by Janet Durgin, Head of School
December is traditionally a time for looking back—reflecting on choices made, opportunities taken, and goals achieved over the past year. For those seniors who applied "early decision," it’s also a time to look ahead, as they begin to hear admissions decisions from their top-choice colleges. Gone are the days of waiting at the mailbox for the telltale fat and thin envelopes; now, our students hunch over their phone screens, waiting tensely to see whether their email begins with “Congratulations!” or “We regret to inform you….”
For some, these results feel like a dream come true. The future seems to fall into place before their eyes in a montage worthy of a Hollywood movie: the right school, the right career, the right path to adulthood and success. They can even picture what they might be wearing on the first day of class! For others, there is the sense that a dream has died. What now? they wonder gloomily, looking into a future that has suddenly become enshrouded in a fog of uncertainty... to say nothing of needing to complete new applications when they'd hoped to be finished with all that.
Those of us who have been down these paths a time or two know the truth: neither the “congratulations” nor the “we regret” determines destiny. There is no one ideal school for any student, and there is no single path to fulfillment. Some of the places that looked like a perfect fit will turn out to be rather itchy when tried on; some places that looked not at all right on the hanger turn out to be the most comfortable in the end.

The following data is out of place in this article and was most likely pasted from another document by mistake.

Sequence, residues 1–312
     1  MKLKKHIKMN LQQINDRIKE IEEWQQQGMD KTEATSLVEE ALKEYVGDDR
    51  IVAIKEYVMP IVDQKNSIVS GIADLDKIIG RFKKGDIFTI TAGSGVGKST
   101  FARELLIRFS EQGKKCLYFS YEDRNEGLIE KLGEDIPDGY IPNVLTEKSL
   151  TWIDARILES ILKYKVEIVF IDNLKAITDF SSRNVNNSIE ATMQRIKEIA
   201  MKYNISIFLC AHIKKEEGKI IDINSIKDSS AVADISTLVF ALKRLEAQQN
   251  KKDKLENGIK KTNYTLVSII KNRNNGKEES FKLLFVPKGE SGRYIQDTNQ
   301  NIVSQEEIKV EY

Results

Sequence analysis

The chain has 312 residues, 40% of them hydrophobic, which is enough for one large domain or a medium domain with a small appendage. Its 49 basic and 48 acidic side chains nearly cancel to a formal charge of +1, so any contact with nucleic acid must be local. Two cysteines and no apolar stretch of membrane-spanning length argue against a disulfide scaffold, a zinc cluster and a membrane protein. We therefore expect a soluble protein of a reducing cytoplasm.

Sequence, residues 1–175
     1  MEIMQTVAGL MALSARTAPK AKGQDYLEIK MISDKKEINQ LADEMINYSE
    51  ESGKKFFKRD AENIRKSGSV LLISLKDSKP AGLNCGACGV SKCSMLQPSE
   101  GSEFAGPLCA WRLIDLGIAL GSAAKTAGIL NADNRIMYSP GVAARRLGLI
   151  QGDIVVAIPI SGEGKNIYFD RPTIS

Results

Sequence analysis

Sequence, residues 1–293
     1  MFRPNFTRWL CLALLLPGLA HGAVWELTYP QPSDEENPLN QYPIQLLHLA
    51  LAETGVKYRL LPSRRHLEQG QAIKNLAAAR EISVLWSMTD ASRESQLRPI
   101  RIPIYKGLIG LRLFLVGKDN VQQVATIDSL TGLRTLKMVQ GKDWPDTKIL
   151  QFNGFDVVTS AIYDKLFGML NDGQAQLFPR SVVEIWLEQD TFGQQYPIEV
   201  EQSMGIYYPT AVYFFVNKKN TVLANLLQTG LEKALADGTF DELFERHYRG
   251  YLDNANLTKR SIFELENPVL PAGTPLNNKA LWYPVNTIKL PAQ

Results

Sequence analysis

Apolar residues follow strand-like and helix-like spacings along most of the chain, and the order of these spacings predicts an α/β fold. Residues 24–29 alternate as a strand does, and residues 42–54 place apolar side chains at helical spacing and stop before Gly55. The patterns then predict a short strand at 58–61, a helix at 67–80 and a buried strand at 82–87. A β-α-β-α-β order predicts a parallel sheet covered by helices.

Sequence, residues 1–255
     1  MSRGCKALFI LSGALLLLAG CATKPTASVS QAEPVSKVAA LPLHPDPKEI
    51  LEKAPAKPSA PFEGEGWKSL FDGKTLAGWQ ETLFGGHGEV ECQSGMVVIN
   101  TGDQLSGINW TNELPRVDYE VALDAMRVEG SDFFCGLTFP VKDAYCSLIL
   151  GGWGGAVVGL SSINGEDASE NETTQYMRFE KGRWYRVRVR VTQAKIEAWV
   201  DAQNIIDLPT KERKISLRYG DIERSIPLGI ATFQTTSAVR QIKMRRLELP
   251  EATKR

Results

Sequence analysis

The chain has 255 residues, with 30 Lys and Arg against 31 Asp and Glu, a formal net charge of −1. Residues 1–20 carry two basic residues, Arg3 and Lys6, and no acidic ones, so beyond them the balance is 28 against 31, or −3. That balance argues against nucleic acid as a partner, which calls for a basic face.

In our college counseling program, we strive to help our seniors find a variety of colleges that will be good matches for them as students and as people. And beyond that, throughout their years at SA, we try to teach every student that the path to success isn’t determined by where you come from or the brand of your clothing or the cachet of the name on your diploma. Success is not a single destination; it is relentless curiosity, dogged dedication, honor, compassion, and responsibility. In short, it is a life well lived. That is possible for all of our students to achieve, no matter where they end up matriculating.